Brunch: Illegal on Sunday???

Discussion in 'Law and Justice System' started by PoliticalChic, May 4, 2012.

  1. PoliticalChic

    PoliticalChic Diamond Member

    Oct 6, 2008
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    Brooklyn, NY
    1. "The community leader leading the charge in the War on Brunch is recruiting Greenpoint residents to tattle on restaurants that serve diners outdoors on Sundays before noon.

    2. “If you see restaurants serving brunch on the sidewalk before noon, call 311!” said Burrows — who has come to play the role of General Patton in the escalating conflict. “I didn’t pass the law, but that’s the law.”

    3. Department of Consumer Affairs inspectors — deployed after requests from CB1 members — began cracking down on restaurants that serve food and drink outdoors before noon on Sundays in violation of a rarely enforced city blue law that has prohibited the practice since 1971.

    4. The Sunday ban was put in place to promise peace and quiet out of respect for restaurant neighbors on what some view as a day of rest, city officials said.

    5. But anti-brunchers say several restaurants have abused the policy and seated diners outdoors, making life uncomfortable for elderly neighbors.

    6. “I saw a guy in a wheelchair moving himself into the street at 11 am because of the sidewalk crowds,” said Greenpoint resident Kathleen O’Boyle. “These restaurants are not supposed to open until noon. I called the police three times!”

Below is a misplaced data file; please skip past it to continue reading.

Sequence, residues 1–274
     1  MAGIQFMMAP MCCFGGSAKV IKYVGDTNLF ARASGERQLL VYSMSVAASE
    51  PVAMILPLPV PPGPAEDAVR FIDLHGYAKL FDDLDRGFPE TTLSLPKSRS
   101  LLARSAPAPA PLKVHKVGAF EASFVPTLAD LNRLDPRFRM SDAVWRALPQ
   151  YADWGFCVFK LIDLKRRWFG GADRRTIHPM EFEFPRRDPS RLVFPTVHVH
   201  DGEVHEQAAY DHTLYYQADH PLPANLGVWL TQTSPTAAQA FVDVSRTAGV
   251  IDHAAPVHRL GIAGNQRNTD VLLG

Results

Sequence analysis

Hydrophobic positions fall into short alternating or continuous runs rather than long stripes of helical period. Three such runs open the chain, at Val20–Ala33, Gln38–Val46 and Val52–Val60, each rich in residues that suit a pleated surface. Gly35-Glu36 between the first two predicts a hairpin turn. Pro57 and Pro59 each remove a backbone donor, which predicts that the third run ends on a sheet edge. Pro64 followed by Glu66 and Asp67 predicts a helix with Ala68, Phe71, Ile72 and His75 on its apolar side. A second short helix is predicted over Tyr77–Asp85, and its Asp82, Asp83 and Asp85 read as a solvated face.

7. “The notion that sidewalk dining in some way restricts, inhibits or in any other way interferes with church attendance is utter hogwash,” said Greenpoint Reformed Church Rev. Ann Kansfield.

    8. And Our Lady of Mount Carmel Church pastor Joseph Calise said he has not heard complaints about sidewalk traffic from parishioners and that the Brooklyn Diocese did not ask the city to enforce its brunch laws.

    9. Kansfield has even called on CB1 to ask the city to eliminate the “discriminatory” law, since other faiths observe the Sabbath on other days of the week — when brunch is legally served even earlier.

    10. But Burrows defended his position, noting that rebel restaurants must obey the law as it is written and are a “direct affront to the community.”

    “When a certain restaurant first applied for a sidewalk cafe, people from the street … were concerned about the sidewalk being blocked,” Burrows wrote in a Facebook thread. “Unfortunately the actions of one are affecting the others since we cannot have selective prosecution of the law. Consequently enforcement against him is impacting others.”
    If you see brunching, say something — Civic leader recruits neighbors in War on Brunch • The Brooklyn Paper
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    Last edited: May 4, 2012

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